Wednesday, June 7, 2017

Black Fox: A Life of Emilie Demant Hatt, Artist and Ethnographer

In October 2017 the University of Wisconsin Press will publish my biography of Emilie Demant Hatt. Here's a preview of the cover and some ordering information:


In 1904 a young Danish woman met a Sami wolf hunter on a train in Sweden. This chance encounter transformed the lives of artist Emilie Demant and the hunter, Johan Turi. In 1907–8 Demant went to live with Sami families in their tents and on migrations, later writing a lively account of her experiences. She collaborated with Turi on his book about his people. On her own and later with her husband Gudmund Hatt, she roamed on foot through Sami regions as an ethnographer and folklorist. As an artist, she created many striking paintings with Sami motifs. Her exceptional life and relationships come alive in this first English-language biography.
 

“A fascinating story of a talented woman's unconventional career at the outset of the twentieth century. Through Sjoholm's meticulous archival investigation, Emilie Demant Hatt emerges as a woman of tremendous energy, insight, and vision, unafraid to cross the various academic, artistic, and cultural barriers of her time.”
—Thomas A. DuBois, translator of Johan Turi's An Account of the Sámi


“Emilie Demant Hatt's contributions to Sami ethnography deserve wide recognition, and this biography provides an absorbing account of her achievements as an ethnographer as well as an artist.”
—Trude Fonneland, author of Contemporary Shamanisms in Norway

https://uwpress.wisc.edu/books/5610.htm

Tuesday, April 25, 2017

New Museum of Failure in Sweden




Coming up in June, the world's first Museum of Failure is set to open in the Swedish city of Helsingborg. Focusing on innovations that didn't quite make it as saleable products (Bic for Her),
and on ideas that were before or behind their time (Google Glass), the museum has 51 objects so far, says its founder, Samuel West, with more arriving every day.

These "floppar" are meant to be funny, horrifying, and instructive. Apparently we learn from our mistakes.

Though in the case of this board game below, it seems that failure was only a spur to hugher and greater failures to come:




Trump: The Game. Photo: Björn Lindgren
For more on the Museum of Failure that "showcases flop products."


Tuesday, March 21, 2017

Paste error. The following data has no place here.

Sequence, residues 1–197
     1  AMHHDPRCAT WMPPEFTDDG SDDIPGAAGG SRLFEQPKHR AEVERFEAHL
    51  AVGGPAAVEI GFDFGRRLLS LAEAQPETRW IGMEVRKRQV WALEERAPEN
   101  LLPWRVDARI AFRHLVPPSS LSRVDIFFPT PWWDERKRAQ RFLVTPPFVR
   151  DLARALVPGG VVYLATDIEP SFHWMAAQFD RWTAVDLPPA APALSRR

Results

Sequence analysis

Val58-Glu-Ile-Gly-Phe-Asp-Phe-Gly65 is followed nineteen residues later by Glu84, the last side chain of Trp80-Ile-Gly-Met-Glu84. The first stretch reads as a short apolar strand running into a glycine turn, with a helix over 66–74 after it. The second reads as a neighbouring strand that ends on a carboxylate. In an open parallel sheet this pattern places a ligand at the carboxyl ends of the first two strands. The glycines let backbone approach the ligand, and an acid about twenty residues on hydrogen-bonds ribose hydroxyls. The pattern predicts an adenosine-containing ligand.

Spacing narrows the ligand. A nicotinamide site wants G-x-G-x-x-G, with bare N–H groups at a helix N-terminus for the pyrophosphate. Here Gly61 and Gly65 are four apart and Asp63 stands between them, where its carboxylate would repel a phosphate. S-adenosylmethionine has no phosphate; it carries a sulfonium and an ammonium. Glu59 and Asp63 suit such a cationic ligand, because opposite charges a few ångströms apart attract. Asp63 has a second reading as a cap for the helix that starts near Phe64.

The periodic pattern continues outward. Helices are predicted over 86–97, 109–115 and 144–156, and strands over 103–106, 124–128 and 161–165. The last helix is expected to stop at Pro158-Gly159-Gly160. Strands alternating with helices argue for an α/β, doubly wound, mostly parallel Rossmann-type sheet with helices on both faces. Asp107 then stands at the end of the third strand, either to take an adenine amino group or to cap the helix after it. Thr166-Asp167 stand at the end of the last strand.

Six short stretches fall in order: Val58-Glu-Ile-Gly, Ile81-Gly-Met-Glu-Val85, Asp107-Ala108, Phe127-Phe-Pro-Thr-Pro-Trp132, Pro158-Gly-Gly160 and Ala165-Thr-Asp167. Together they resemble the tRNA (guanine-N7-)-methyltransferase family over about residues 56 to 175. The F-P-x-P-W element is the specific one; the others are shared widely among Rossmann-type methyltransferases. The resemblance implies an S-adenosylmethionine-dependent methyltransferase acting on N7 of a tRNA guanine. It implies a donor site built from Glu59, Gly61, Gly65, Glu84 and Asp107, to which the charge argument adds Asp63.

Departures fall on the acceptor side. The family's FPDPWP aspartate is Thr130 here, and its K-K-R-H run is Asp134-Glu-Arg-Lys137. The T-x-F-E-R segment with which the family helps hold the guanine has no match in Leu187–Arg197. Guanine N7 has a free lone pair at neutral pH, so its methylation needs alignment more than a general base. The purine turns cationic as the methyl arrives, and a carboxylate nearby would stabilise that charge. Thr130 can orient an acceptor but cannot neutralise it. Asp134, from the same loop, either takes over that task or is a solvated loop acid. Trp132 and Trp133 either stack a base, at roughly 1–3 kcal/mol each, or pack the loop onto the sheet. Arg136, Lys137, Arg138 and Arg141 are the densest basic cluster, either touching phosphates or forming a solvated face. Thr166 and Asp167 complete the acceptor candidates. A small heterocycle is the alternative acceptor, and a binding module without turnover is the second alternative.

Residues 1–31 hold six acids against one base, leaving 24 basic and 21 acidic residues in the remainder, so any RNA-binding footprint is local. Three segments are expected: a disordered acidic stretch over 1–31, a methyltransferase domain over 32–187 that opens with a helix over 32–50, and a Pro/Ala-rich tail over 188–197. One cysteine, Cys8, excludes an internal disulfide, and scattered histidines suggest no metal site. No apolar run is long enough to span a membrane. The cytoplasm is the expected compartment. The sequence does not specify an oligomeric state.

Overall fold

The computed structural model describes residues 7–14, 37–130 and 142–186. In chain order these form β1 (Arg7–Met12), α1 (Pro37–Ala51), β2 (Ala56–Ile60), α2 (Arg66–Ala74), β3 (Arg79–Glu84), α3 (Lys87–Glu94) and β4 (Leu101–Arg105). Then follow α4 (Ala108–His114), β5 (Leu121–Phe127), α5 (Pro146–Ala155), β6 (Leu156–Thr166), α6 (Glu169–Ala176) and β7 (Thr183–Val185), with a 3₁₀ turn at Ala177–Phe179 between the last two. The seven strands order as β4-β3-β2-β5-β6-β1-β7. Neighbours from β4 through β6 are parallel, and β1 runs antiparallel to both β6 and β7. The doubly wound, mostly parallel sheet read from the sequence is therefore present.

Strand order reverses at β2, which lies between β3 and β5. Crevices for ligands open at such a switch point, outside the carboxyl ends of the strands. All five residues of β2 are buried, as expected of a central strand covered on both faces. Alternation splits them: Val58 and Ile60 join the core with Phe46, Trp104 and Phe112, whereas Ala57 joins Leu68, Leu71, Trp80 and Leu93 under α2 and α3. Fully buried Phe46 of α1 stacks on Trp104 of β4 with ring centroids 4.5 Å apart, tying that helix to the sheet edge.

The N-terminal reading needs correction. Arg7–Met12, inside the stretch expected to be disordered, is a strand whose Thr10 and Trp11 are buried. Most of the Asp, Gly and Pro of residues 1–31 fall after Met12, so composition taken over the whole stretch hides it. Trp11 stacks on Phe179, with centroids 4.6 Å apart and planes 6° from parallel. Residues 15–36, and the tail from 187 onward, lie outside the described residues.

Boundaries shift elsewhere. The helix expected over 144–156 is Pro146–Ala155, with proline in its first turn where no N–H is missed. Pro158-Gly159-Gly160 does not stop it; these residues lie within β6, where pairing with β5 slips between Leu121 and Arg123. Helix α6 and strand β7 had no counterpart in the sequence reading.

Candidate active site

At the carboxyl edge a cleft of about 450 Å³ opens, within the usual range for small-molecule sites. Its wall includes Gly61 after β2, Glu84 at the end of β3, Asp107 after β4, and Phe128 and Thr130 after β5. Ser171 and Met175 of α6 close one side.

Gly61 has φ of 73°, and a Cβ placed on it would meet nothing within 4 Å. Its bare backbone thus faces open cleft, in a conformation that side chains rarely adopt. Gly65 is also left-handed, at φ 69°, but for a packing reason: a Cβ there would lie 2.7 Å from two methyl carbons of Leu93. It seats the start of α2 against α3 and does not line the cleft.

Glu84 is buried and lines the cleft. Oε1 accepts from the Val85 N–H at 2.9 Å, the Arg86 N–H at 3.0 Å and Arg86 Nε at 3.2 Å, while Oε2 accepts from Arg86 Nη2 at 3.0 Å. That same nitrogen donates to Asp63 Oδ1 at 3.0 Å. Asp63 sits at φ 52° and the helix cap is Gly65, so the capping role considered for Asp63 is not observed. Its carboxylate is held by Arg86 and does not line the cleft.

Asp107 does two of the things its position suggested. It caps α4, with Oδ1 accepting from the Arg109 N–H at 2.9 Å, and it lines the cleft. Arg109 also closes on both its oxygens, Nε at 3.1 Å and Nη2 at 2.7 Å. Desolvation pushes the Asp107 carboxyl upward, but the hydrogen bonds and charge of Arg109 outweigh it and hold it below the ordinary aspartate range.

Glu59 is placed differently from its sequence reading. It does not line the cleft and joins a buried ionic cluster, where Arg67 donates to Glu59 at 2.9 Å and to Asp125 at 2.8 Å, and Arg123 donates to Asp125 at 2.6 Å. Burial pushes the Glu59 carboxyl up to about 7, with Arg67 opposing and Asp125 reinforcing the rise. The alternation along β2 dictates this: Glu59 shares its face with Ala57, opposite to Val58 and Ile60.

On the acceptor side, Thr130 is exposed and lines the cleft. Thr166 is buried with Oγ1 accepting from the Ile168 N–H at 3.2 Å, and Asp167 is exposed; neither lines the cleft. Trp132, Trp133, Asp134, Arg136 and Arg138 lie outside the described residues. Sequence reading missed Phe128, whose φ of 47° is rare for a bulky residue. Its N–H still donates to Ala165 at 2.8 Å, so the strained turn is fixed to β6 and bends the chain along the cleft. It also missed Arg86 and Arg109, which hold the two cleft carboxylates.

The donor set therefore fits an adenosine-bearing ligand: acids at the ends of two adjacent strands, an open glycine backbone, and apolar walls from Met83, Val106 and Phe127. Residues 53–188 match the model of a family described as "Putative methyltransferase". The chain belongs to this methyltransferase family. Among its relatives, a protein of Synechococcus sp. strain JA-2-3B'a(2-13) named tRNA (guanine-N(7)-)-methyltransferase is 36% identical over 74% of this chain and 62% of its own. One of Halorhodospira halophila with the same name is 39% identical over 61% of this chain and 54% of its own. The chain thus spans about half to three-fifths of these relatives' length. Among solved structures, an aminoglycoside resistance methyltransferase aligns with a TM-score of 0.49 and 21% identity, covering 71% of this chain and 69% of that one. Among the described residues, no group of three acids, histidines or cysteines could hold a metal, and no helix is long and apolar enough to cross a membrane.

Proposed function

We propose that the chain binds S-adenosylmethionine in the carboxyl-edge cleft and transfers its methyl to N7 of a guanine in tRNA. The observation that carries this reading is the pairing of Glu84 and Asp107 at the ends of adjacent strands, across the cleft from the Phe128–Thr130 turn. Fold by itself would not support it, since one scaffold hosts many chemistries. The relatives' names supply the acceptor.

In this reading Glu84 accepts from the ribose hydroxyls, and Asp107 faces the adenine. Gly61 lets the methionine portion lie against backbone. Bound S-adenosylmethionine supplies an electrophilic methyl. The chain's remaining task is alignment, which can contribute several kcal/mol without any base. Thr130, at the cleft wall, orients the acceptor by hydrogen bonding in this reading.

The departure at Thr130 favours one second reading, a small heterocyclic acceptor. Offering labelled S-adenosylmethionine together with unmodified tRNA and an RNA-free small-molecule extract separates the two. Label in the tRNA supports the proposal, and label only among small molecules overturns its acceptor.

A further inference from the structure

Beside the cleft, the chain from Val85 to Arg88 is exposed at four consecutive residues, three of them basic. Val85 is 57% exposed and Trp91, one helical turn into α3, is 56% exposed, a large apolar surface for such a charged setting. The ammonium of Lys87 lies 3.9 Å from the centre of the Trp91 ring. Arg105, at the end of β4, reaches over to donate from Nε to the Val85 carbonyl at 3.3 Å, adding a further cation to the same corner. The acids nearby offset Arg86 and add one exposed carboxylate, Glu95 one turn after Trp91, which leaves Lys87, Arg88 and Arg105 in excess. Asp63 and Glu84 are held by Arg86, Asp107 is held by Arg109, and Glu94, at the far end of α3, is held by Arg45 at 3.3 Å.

Sami Parliament Persuades Norwegian Pension Fund to Divest from DAPL


In an act of international solidarity between indigenous peoples, the Sami parliament in Norway has persuaded the country’s second largest pension fund to withdraw its money from companies linked to a controversial oil project backed by Donald Trump.


The project to build the 1,900 km Dakota Access oil pipeline across six US states has prompted massive protests from Native American activists at the Standing Rock Sioux reservation.

This week, after lobbying by the Sami parliament, Norway’s local authority pension fund KLP announced it would sell off shares worth $58m in companies building the pipeline.

Vibeke Larsen, president of the Sami parliament, said the pension fund announced the move when she arrived at a meeting in Oslo to discuss Dakota Access. “We feel a strong solidarity with other indigenous people in other parts of the world, so we are doing our part in Norway by putting pressure on the pension funds,” she told the Guardian.

 Read the full article by Rachel Fixsen  in the Guardian.

Monday, March 13, 2017

Clearing Out translation wins prize from American-Scandinavian Foundation



Helene Uri, author of Clearing Out


I'm pleased to announce that the American-Scandinavian Foundation in New York  recently awarded me the Nadia Christensen Prize for my translation of Clearing Out [Rydde ut] by Norwegian author Helene Uri.

I previously wrote about Helene Uri and this particular novel in a blog post on Lapponia in 2014. I loved the novel so much that I asked the Norwegian publishers about translating it, then pursued publication in the U.S. Although publication hasn't happened yet, I did receive a 2016 NEA translation fellowship to help with the work. I'm delighted that the ASF prize will also bring attention to the novel.

The ASF also gave the Leif and Inger Sjöberg Award, recognizing distinguished effort by a translator who has not previously published a literary translation, to Kara Billey Thordarson, from Red Deer, Alberta, for her translation of Stormviðvörun by Icelandic author Kristín Svava Tómasdóttir.

Excerpts of both translations will appear in the Spring issue of Scandinavian Review, the journal published by The American-Scandinavian Foundation. Another excerpt from Clearing Out was published in 2016 by Two Lines, the translation review.